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Sci Total Environ. 2019 Aug 29;699:134124. doi: 10.1016/j.scitotenv.2019.134124. [Epub ahead of print]

Spatial variations of soil phosphorus forms and the risks of phosphorus release in the water-level fluctuation zone in a tributary of the Three Gorges Reservoir.

Author information

1
Key Laboratory of the Three Gorges Reservoir Region's EcoEnvironments of MOE, Chongqing University, Chongqing 400045, China.
2
Key Laboratory of the Three Gorges Reservoir Region's EcoEnvironments of MOE, Chongqing University, Chongqing 400045, China. Electronic address: fangfangcq@cqu.edu.cn.
3
School of Tourism and Land Resource, Chongqing Technology and Business University, Chongqing 400067, China.
4
Key Laboratory of the Three Gorges Reservoir Region's EcoEnvironments of MOE, Chongqing University, Chongqing 400045, China. Electronic address: Guo0768@cqu.edu.cn.

Abstract

The dynamics of soil phosphorus (P) in the water-level fluctuation zone (WLFZ) generally poses a great threat to the ecology of dam-formed reservoirs worldwide. Our study explored the spatial variations of soil P forms and the risks of P release in the WLFZ in a tributary of the Three Gorges Reservoir (TGR) in the upper reaches of the Yangtze River, China. Soil samples from multiple altitudes (145, 155 and 165 m) in the WLFZ, upland soils (175 m) as well as reservoir sediment samples were collected along seven transects in a tributary of the TGR (Pengxi River) in August 2016. Hedley's fractionation method was used to characterize the P forms, and the physical and chemical properties of the samples were determined. The distributions of the total P (TP) across the transects decreased in the order of sediments (675.9 ± 124.8 mg/kg), upland soil (658.9 ± 191.1 mg/kg), and WLFZ soil (613.9 ± 100.7 mg/kg). Similar distributions of the bioavailable P (Bio-P) were observed. Longitudinally, the TP and Bio-P of the WLFZ soil gradually decreased from the estuary to the upstream of the tributary. The spatial variations of P in the WLFZ soil in the tributary of the TGR was influenced by the soil particle size distribution (PSD) that, in turn, was a result of joint effects of the anti-seasonal hydrological regime, rainfall erosion and mainstream backwater. Long-term flooding increased P release from soil and decreased the soil degree of P saturation (DPS) throughout the WLFZ, especially in the lower portion of the WLFZ. According to Water-P, molar Al:Fe ratio and DPS, the current risk of soil P release throughout the WLFZ are very low. Monitoring should be prioritized at an altitude of 165 m and in the estuary of the WLFZ considering the high DPS and/or low Al:Fe ratio in these areas.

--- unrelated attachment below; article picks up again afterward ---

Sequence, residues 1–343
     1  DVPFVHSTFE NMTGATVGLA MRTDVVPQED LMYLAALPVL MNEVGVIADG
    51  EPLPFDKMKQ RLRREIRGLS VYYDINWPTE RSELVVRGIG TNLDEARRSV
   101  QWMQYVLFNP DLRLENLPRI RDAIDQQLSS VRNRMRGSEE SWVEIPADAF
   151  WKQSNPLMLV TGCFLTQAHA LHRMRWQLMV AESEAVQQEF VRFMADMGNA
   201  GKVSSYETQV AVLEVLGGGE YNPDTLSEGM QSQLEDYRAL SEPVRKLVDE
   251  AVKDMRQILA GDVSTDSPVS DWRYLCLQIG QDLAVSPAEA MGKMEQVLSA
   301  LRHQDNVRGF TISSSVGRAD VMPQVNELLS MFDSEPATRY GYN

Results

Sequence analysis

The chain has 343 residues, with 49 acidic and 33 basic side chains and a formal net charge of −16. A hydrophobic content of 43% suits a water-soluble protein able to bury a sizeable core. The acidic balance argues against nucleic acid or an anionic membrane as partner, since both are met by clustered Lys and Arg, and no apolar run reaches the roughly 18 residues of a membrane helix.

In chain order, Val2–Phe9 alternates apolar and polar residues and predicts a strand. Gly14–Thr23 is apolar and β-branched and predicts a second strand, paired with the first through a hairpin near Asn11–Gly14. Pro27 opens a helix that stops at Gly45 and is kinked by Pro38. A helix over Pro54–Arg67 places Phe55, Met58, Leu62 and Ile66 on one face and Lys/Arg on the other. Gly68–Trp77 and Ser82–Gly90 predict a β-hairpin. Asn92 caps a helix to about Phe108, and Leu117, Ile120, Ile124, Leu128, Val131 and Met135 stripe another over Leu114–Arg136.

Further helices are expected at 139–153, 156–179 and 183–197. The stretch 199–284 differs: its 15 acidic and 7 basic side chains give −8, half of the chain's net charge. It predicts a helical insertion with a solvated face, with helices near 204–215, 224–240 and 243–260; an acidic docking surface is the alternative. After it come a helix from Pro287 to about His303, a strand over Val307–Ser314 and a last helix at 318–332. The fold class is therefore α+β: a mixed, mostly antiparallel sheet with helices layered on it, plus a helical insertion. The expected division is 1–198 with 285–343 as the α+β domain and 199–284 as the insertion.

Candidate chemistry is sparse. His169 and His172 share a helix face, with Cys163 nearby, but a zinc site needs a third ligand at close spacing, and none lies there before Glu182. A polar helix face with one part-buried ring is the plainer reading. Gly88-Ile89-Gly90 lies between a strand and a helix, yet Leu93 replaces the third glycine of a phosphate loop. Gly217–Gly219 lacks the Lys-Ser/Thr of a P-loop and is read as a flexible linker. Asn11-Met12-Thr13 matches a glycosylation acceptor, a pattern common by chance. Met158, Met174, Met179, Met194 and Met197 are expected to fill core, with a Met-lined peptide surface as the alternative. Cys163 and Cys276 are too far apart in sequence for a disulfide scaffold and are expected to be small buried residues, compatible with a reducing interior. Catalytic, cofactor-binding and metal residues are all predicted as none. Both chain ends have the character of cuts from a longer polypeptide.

KEYWORDS:

Degree of P saturation; Phosphorus form; Soil particle size; Soil phosphorus release load; Three Gorges Reservoir; Water-level fluctuation zone

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